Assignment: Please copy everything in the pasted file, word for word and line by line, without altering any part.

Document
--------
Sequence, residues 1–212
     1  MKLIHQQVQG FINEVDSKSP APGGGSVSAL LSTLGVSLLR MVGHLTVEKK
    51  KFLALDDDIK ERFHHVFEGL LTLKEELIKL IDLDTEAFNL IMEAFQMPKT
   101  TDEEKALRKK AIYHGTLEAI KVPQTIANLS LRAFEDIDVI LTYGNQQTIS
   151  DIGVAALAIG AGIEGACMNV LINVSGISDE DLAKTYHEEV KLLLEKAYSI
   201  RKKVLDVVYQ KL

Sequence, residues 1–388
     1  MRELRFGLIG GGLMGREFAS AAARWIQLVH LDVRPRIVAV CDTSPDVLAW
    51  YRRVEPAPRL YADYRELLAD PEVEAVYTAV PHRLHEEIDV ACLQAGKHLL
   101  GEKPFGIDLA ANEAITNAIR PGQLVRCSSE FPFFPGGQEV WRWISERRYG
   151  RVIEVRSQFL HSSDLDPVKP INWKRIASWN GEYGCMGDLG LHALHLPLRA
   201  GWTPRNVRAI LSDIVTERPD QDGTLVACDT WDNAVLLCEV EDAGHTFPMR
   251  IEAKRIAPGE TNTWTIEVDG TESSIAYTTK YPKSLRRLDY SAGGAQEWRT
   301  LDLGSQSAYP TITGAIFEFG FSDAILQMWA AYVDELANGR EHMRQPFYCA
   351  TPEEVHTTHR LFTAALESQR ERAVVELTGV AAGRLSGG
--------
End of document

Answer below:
Sequence, residues 1–212
     1  MKLIHQQVQG FINEVDSKSP APGGGSVSAL LSTLGVSLLR MVGHLTVEKK
    51  KFLALDDDIK ERFHHVFEGL LTLKEELIKL IDLDTEAFNL IMEAFQMPKT
   101  TDEEKALRKK AIYHGTLEAI KVPQTIANLS LRAFEDIDVI LTYGNQQTIS
   151  DIGVAALAIG AGIEGACMNV LINVSGISDE DLAKTYHEEV KLLLEKAYSI
   201  RKKVLDVVYQ KL

Sequence, residues 1–388
     1  MRELRFGLIG GGLMGREFAS AAARWIQLVH LDVRPRIVAV CDTSPDVLAW
    51  YRRVEPAPRL YADYRELLAD PEVEAVYTAV PHRLHEEIDV ACLQAGKHLL
   101  GEKPFGIDLA ANEAITNAIR PGQLVRCSSE FPFFPGGQEV WRWISERRYG
   151  RVIEVRSQFL HSSDLDPVKP INWKRIASWN GEYGCMGDLG LHALHLPLRA
   201  GWTPRNVRAI LSDIVTERPD QDGTLVACDT WDNAVLLCEV EDAGHTFPMR
   251  IEAKRIAPGE TNTWTIEVDG TESSIAYTTK YPKSLRRLDY SAGGAQEWRT
   301  LDLGSQSAYP TITGAIFEFG FSDAILQMWA AYVDELANGR EHMRQPFYCA
   351  TPEEVHTTHR LFTAALESQR ERAVVELTGV AAGRLSGG